Most computer users have been told at some point that they should backup their data, but not everyone knows how. Backups have never been easier to perform, and modern drives with mastodonic storage capacities are inexpensive. Many companies offer free local or online backup solutions. There is practically no reason not to have a copy of your important files. Data you don’t backup is data you don’t want.
I recommend a redundant combination of 3 cheap, easily implemented approaches that should guarantee painless data recovery:
1) Disk Imaging
Getting your computer set up for regular use can take hours of work. Typically, you have to install and update your operating system, drivers, and applications. You’ll also need to organize your personal data. In the event of a hard drive crash or catastrophic data corruption, getting back up to speed, even with copies of your files, would entail tracking down your installation discs and hunkering down for a day of watching status bars progress across the screen and tweaking settings.
A better solution is to use a disk imaging program like the free version of Macrium Reflect, which takes a snapshot of the complete contents of your computer’s hard drive, and makes it quick and easy to restore everything exactly as it was when the image was made.
What you’ll need: an external hard drive and a blank DVD to make a boot disc.
2) Local Backup
Disk images are useful primarily for starting from scratch on your existing computer. However, if you only want to recover a few accidentally deleted files, or you want to move your documents to a new computer with a different operating system, it’s faster and easier just to backup your content; this can include music, photos, videos, emails, text documents, spreadsheets, presentations, and financial data. Program and system files, (which may be corrupted, add substantially to backup times and sizes, and would not be used on a new computer), are not included in the backup.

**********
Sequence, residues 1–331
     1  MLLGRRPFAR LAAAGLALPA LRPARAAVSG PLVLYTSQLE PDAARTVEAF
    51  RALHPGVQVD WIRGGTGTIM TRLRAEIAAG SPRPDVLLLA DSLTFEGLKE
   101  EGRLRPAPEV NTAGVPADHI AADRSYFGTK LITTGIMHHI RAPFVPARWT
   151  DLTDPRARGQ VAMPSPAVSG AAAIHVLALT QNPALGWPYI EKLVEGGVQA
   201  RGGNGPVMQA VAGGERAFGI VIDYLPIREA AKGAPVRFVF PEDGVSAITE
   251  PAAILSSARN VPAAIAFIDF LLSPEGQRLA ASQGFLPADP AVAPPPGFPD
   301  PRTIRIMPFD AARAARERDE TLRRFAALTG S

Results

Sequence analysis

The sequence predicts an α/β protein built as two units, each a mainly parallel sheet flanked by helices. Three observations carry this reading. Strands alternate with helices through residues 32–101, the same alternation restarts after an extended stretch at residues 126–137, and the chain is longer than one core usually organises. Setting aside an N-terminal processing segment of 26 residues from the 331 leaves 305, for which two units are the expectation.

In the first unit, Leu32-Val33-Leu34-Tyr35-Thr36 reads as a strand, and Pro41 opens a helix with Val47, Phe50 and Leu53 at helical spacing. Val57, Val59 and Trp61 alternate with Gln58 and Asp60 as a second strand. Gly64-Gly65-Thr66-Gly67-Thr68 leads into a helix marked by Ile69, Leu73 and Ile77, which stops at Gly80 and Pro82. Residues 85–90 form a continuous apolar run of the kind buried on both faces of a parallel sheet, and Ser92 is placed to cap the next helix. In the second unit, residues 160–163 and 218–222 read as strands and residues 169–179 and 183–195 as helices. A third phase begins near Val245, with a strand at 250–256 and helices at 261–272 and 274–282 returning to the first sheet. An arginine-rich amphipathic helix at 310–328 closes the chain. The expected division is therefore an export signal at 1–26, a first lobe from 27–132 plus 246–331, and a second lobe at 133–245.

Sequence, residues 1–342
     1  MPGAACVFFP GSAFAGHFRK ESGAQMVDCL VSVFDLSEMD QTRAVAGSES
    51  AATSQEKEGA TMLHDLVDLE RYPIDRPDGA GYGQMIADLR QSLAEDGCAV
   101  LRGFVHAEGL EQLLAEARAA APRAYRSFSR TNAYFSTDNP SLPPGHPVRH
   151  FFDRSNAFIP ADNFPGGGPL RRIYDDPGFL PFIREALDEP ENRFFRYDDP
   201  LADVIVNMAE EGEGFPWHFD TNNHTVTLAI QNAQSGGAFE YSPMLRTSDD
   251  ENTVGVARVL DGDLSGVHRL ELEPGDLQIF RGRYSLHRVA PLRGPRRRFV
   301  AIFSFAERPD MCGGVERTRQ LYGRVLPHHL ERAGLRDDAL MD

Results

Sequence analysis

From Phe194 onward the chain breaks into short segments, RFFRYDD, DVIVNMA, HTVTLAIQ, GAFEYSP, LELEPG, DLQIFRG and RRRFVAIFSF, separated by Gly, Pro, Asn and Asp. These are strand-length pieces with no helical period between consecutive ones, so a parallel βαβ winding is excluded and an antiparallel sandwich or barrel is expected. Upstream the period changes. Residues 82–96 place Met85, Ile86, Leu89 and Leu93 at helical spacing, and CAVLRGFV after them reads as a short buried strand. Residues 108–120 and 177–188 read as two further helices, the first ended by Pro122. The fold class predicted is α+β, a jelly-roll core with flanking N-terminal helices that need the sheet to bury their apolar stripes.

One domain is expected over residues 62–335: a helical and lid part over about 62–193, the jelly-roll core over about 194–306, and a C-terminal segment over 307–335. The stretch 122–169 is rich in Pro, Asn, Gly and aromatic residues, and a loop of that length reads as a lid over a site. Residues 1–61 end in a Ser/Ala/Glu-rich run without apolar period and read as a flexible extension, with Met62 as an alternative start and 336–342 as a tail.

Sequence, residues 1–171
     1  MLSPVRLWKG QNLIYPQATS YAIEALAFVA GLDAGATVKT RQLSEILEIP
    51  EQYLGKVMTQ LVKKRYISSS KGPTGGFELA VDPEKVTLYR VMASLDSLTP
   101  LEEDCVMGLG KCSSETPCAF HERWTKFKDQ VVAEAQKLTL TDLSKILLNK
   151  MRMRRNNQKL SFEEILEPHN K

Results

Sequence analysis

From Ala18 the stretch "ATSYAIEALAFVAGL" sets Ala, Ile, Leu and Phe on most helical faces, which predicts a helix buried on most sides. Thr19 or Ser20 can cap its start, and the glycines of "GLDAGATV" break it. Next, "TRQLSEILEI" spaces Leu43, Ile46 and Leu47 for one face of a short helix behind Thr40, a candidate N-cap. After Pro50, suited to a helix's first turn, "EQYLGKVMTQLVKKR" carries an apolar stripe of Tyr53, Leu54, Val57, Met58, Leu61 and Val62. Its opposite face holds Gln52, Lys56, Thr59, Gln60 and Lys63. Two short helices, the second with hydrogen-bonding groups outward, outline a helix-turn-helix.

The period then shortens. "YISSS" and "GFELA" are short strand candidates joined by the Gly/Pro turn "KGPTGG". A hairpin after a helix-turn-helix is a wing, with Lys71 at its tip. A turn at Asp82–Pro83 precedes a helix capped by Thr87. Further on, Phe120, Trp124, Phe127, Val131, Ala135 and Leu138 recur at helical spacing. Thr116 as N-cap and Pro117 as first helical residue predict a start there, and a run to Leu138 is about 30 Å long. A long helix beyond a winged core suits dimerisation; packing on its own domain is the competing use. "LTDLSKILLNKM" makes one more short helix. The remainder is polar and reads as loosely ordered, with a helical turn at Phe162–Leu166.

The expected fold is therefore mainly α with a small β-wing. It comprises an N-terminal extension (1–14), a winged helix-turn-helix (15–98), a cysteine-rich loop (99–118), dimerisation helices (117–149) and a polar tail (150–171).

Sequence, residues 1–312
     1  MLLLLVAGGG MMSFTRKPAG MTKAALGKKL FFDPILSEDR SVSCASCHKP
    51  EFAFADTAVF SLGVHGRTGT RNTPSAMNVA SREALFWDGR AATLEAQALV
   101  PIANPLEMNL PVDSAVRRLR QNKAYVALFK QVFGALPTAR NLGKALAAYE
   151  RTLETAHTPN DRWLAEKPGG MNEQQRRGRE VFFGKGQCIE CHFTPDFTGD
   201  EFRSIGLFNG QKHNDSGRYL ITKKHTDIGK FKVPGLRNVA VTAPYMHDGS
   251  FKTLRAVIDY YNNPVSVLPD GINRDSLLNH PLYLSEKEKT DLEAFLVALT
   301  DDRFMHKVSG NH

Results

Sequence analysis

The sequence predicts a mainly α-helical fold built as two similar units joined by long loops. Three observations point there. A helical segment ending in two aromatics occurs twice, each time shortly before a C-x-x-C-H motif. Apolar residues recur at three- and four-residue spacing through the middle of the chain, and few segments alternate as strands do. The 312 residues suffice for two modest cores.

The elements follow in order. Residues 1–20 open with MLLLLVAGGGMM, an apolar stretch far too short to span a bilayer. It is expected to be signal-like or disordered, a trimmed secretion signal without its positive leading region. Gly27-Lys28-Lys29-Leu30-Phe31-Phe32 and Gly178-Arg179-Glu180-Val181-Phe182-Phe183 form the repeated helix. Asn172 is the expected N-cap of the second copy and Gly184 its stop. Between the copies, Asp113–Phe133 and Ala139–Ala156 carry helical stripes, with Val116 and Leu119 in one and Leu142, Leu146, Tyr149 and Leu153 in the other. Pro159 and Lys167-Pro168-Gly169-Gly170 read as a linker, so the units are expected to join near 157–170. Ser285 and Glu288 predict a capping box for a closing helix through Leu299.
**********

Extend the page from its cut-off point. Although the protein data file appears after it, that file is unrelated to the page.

Clickfree offers a family of external hard drives with embedded backup software that will automatically find and copy just your personal data. No configuration is required; you literally just plug in the drive and your content is automatically backed up. Clickfree drives can be used to backup multiple computers, and they work with both PCs and Macs. Backing up your data couldn’t be simpler.
What you’ll need: a Clickfree drive, other external hard drive, or a USB flash drive.
3) Off-Site Backup
If you keep your backups in the same building as your computer, both sets of data may be destroyed in the event of burglary, fire, or a natural disaster. It’s best to have an off-site backup of your critical data as well.
Mozy offers up to 2 GB of free, encrypted online storage for your files, or unlimited storage for about $55 a year. The software is easy to configure, backups are performed automatically, and several restore options are available.
What you’ll need: a broadband Internet connection.
A radically different approach to make sure your data can’t be lost is to transition to web applications. Google, for instance, offers a number of free services that can be accessed through a web browser, and which take the place of traditional desktop applications. Gmail manages your email, contacts, and tasks. Google Docs includes modules for word processing, spreadsheets, presentations, and drawings. Google Calendar and Bookmarks are also highly recommended.
With your content stored in “the cloud”, you can view and edit your documents from any Internet-connected computer. Synchronizing data between multiple computers and mobile phones becomes much easier. And importantly, companies like Google have data centers with better security and redundancy than any individual could hope to muster. Your files are substantially safer with Google than they are with you.